South Asia, which is already home to more than one-fifth of the world's population and rapidly growing, will require wheat yields to rise annually by 2.0–2.5% to meet demand and maintain food security. To address these challenges, a wheat phenotyping network was established in the region in 2009 to support national breeding programs by applying practical phenotyping techniques to increase selection success using a cooperative multi-location testing network. A number of trials have been grown to introduce new genetic diversity for stress adaptive traits, to establish their genetic bases, and to test a new generation of lines developed using physiological approaches. The 17th Semi-Arid Wheat Yield Trial (SAWYT), consisting of a group of 50 elite spring bread wheat advanced lines, bred in Mexico using both conventional (CON) and physiological trait (PT) approaches, was grown for two seasons 2009/10 and 2010/11. Data showed that PT lines gave superior yields overall, associated with higher grain weight, and with cooler vegetative and grain-filling canopy temperatures (CT); the CT trait is considered indicative of increased gas exchange, a likely consequence in these environments of superior vascular capacity including deeper rooting to access subsoil water. Local check genotypes, which were generally well adapted to the stressed environments tended to be 3–5 days earlier to heading than CIMMYT cultivars. Results demonstrate the potential to integrate physiological breeding approaches into genetic improvement for the region, particularly as future wheat production will take place under increasing water scarcity.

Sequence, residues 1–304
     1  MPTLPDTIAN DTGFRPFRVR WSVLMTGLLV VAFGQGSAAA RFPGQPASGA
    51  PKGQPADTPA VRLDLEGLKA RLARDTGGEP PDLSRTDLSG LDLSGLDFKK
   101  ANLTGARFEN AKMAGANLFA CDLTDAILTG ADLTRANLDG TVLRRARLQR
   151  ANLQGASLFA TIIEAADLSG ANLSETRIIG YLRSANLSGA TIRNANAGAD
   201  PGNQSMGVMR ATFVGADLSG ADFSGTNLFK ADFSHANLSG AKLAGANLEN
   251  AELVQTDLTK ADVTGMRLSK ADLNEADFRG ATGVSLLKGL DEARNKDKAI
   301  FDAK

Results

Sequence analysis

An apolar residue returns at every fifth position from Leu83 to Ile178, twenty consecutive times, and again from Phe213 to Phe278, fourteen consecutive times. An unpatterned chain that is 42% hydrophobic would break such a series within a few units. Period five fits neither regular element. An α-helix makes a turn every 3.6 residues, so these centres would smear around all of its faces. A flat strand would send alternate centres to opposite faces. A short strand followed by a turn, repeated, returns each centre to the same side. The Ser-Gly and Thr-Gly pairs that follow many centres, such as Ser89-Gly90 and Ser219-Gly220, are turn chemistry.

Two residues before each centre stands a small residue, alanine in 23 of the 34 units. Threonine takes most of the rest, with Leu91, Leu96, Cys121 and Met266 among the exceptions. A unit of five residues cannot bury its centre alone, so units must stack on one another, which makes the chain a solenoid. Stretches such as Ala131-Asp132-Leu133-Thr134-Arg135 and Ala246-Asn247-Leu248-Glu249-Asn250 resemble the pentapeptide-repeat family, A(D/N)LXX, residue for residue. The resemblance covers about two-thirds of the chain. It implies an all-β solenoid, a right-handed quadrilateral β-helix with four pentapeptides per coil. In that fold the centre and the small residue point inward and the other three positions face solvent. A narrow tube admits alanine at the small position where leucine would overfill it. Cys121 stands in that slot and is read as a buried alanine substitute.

A. Pask, A. Joshi, Y. Manes
Field Crops Research